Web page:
Dave Power, Marta Lane, Collin Darrell and Barb Ka'auwai are cooking up a good time! Daniel Lane photo

Dave Power, Marta Lane, Collin Darrell and Barb Ka’auwai are cooking up a good time! Daniel Lane photo

Tuesday, November 12

Tasting Kauai Popup Dinner and Book Release Party

6:30 p.m., The Feral Pig, $95 (all inclusive)
Join us in celebrating the release of our book, Tasting Kauai: Restaurants ~ From Food Trucks to Fine Dining, A Guide to Eating Well on the Garden Island. Collin Darrell, Kauai’s pop-up dinner maestro and founder of Grow Culture will design a five-course meal with super fresh, locally sourced ingredients. Barb Ka’auwai, executive chef at The Feral Pig, will create a menu based around these ingredients. Dave Power, co owner and esteemed bartender, will start us off with a champagne cocktail, and pair each course with beer, cocktails or wine. At the end of the evening, you will receive an autographed copy of our book and a chance to win one of my husband’s metallic, landscape prints. To secure your place, call 808-246-1100. For more information, read “Popup Dinner and Book Release Party.”

Winemakers Dinner

Dondero’s, $110
Dondero’s Italian restaurant at Grand Hyatt Kauai Resort and Spa is partnering with The Wine Shop in Koloa to bring four famous winemakers and owners together for a special dinner. The evenings begins with a reception including a seared ahi canapé served with J. Cuvee 20. Dinner includes four courses, each paired with exceptional wines, beginning with Selbach-Oster “Old Vines” Riesling and lemongrass cured Grand Banks Scallop.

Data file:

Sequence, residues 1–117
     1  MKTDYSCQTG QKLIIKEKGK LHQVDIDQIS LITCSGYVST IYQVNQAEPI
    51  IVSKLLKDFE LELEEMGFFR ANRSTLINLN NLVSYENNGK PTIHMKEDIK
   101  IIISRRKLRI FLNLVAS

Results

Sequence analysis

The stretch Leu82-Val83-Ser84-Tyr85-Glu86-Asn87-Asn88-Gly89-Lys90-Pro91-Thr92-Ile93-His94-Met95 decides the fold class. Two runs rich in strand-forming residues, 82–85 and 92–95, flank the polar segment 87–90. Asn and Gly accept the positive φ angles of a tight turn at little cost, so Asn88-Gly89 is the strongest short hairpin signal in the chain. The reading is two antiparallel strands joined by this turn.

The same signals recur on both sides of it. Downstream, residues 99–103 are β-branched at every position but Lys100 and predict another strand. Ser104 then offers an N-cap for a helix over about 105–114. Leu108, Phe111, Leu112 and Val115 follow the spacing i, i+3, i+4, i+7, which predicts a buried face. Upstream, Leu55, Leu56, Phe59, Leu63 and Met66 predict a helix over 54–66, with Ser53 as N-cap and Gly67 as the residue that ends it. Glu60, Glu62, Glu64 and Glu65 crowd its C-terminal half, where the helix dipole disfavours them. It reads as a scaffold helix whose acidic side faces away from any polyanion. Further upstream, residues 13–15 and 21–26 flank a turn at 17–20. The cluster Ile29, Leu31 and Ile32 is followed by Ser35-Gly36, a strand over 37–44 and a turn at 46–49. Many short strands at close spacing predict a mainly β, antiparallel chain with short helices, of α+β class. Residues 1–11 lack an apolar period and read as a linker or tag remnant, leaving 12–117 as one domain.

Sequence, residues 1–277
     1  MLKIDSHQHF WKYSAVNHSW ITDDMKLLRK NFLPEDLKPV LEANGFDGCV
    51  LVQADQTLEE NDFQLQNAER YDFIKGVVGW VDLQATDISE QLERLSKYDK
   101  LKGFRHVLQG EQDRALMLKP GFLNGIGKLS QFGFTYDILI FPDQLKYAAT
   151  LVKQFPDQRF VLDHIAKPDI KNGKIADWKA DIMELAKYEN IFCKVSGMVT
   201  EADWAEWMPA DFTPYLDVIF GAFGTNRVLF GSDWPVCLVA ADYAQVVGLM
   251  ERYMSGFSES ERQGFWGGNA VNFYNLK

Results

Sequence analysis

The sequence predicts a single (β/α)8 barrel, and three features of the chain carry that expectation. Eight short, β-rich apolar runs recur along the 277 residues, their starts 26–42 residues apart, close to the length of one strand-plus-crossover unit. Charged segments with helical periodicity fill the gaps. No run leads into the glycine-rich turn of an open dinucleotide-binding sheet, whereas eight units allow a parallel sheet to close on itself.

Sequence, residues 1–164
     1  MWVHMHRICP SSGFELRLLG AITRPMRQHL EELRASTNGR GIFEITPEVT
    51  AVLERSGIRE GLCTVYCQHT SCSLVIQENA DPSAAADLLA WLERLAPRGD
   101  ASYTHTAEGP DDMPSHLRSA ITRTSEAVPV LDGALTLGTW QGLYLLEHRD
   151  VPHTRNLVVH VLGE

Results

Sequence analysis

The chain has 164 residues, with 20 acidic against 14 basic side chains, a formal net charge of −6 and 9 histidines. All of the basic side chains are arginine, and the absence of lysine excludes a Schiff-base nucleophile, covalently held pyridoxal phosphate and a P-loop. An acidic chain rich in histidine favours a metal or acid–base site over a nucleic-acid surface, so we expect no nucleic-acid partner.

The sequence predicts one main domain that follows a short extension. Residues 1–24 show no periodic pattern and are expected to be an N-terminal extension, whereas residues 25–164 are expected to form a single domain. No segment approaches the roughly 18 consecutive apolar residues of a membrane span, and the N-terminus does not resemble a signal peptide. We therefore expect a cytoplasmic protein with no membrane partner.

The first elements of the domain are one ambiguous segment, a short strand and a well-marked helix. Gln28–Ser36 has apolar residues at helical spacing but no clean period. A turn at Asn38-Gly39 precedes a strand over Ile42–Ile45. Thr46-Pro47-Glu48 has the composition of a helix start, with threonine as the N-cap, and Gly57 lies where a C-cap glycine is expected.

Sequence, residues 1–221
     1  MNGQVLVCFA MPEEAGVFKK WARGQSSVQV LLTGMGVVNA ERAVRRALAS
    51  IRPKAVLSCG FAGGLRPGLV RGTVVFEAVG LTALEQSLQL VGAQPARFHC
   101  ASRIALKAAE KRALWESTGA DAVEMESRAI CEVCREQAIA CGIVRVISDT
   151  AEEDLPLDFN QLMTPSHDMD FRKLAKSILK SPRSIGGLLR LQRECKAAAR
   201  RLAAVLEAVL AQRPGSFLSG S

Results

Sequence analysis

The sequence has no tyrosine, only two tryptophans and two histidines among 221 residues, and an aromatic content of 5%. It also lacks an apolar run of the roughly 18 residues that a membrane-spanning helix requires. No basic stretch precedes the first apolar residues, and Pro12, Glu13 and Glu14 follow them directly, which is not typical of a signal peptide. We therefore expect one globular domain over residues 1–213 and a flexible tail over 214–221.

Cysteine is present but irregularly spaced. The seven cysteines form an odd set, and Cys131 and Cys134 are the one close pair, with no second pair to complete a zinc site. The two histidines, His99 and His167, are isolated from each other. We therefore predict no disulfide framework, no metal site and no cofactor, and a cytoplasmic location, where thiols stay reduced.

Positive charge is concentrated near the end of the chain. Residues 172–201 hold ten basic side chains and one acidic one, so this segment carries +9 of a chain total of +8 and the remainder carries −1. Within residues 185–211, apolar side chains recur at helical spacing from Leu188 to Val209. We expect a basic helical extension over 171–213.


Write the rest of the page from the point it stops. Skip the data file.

Renowned Owner and Winemaker, Johannes Selbach, will be here from Germany. Despite a history dating to 1661, Selbach-Oster produces wines that are modern and fresh and reflective of the philosophy of the family: Let the fruit and the soil do the talking.
The second course will feature Foxen, Pinot Noir, from Santa Maria Valley, California and roasted Palmetto Farms squab.Dick Dore, Owner and Winemaker of Foxen, is dedicated to the creation of very small production, sustainably farmed, vineyard-focused wines using a “minimalist” approach to winemaking.
Next Larry Turley will present Turley’s “Juvenile” Zinfandel, from California paired with smoked Martinez Farms Washington lamb loin. Old vines are the key to Turley’s success. Turley wines are full flavored, yet refined, and express the distinctive character of Zin and the classic old vineyards from which they come.
The final course, before a sweet ending, will feature Frog’s Leap Cabernet Sauvignon from Napa with Alii Kula Lavender rubbed Snake River Farms Kobe rib eye. John Williams, Owner and Winemaker of Frog’s Leap, has lead the charge of environmental stewardship in the wine industry. Frog’s Leap Winery was eco-conscious long before “sustainable” entered our daily vocabulary. Williams employs “old school” techniques to sustainably coax exceptional quality from his grapes, creating great wines noted for their finesse, restraint and complexity.
Dinner is crafted by Dondero’s chef de cuisine, Alexis Gutierrez. Cost is $110 per person. For reservations, call Heidi at 808-240-6434.
Tuesday, November 19

Merriman’s Benefit Dinner

Merriman’s Fish House, 5:30 to 9:30 p.m., $65
Merriman’s Fish House in Poipu will host a dinner and all proceeds will benefit the Kauai United Way and Hale Opio Kauai. The meal includes a selection of signature Merriman’s menu items, mai tais, beer, wine, live music, a drawing and a live auction. For reservations, call 808-742-8385.